I looked at the front gate of the zoo, at the huge display of lights that loomed overhead. Red and green and orange and blue lights buzzing bright. I thought about the final scene in Close Encounters, about the book Childhood’s End.
The whole world seemed like a flying saucer.
Shelly and Alex don’t know what to say to each other. They’re both drunk, tired, disengaged. The sky above their heads is still full of saucers, but it’s getting more and more difficult to make them out. The sunlight is fading, and the Blue Moon’s exterior lighting, the street lamps, the headlights and neon signs are on.
“What we have to accept is that we don’t know what to do.”
“What’s that?” Alex asks.
Shelly starts to take a sip from her last gin and tonic, but then stops and swirls the drink around in the glass; she watches the reflection of the saucers. They’re lighting up now, red and yellow and green, each craft glowing and pulsing.
“They look like radioactive M&M’s,” Shelly says.
Alex takes her glass away from her before she has a chance to take a sip, and sets it down on his side of the table.
“What should we do?”
Shelly doesn’t answer, but takes Alex’s hand in her own, makes him stroke her face. She likes the feeling of his warm fingers on her cheek.
“Are we going to talk about it, or what?” Alex asks.
“We can talk about it,” Shelly said. “But we can’t answer it. We can’t keep trying to answer.”
“But we can’t pretend they’re not there. We can’t pretend this isn’t happening,” Alex says.
“It’s happening. We know that much. Something is definitely happening.”
The saucers above their heads are blinking on and off, off and on.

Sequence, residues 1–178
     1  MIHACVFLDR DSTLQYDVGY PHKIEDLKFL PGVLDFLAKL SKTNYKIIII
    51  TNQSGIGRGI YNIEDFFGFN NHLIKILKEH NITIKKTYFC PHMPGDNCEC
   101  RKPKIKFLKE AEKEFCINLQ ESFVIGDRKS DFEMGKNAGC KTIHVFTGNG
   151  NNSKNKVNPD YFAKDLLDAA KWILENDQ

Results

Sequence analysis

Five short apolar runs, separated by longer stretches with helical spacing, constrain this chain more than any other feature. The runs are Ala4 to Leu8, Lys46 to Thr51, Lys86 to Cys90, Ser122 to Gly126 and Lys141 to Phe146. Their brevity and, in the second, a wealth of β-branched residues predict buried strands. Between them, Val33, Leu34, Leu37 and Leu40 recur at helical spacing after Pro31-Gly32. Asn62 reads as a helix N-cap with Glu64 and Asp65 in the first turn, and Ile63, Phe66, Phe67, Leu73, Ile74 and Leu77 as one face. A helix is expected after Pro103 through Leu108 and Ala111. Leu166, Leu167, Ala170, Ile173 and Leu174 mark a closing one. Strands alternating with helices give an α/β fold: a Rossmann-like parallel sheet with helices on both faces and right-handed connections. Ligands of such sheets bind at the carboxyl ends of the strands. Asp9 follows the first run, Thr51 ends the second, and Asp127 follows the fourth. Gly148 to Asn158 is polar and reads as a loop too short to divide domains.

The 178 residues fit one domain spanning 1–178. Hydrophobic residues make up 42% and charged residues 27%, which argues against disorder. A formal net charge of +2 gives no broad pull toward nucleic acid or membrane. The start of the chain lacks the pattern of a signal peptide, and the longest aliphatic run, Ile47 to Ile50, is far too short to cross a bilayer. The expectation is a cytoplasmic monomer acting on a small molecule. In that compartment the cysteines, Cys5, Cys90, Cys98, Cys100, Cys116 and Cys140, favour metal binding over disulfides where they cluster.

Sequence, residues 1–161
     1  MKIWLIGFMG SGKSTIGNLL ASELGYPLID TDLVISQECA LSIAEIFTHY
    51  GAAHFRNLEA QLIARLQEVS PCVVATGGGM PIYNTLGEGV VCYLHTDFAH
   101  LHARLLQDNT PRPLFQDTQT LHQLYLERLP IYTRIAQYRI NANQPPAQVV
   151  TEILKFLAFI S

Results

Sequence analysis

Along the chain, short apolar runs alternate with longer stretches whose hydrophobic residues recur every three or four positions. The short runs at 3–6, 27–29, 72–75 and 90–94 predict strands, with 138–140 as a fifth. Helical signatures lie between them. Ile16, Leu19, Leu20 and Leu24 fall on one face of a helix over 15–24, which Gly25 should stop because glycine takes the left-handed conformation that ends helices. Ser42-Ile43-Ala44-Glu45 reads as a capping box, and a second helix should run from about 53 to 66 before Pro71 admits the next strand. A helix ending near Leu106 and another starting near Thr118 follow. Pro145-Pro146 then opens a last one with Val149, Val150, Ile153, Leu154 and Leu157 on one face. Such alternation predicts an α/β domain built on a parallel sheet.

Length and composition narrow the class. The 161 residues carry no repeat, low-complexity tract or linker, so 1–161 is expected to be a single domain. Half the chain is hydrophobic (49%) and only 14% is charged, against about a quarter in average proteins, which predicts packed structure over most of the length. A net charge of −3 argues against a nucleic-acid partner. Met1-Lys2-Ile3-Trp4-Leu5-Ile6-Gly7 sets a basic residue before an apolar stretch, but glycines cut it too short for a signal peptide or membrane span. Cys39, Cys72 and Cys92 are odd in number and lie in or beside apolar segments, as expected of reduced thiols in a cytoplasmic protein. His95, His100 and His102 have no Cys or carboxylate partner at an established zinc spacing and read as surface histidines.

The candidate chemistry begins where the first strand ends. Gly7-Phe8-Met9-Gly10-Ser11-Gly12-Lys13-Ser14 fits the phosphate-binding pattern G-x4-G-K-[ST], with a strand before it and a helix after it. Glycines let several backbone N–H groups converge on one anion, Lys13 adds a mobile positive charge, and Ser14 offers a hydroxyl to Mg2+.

“Maybe they’re sending out signals in Morse code,” Alex says.
“And then again, maybe they aren’t.”
“What do you want to do?”
“I want to go home with you. To our home.”
Both Alex and Shelly gather up their belongings, try to piece themselves back together under a sky dotted by neon saucers. She grabs her handbag and he helps her with her red wool coat. Brushing herself off and trying to stand steady, Shelly slowly reaches over to Alex and takes his hand.
Alex and Shelly leave the pub, make their way down 21st to Burnside, and Shelly holds Alex’s hand tight, as tight as she can. She pulls on him, hard. But despite her efforts, he is floating. She holds his hand tight, but he’s lifting off.
Alex feels his wife’s firm grip and squeezes back, but he isn’t thinking about her. He isn’t thinking at all. He’s watching the sky, the saucers.
Shelly pulls on him, tries to anchor herself with a tree branch, to dig in her heels, but Alex keeps rising, and when she feels her feet leave the ground Shelly gives up. She lets go.
Alex is rising fast. She watches him drift, calls out to him, but before she can find her bearings, before she can think of what to do, he’s gone.
Shelly sits down on the pavement, stunned. She lies down across the sidewalk, stares up in the air to where Alex was last visible. She pulls her wool coat around her, and hums to herself, a low, long hum, though she’s not aware that she’s doing it.
Shelly doesn’t move for a long time, but just lies there on the concrete, watching the neon saucers.
The story “A Coffee Cup/Alien Invasion Story” (but not the illustration), by Douglas Lain, is licensed under a Creative Commons Attribution-Noncommercial 3.0 United States License.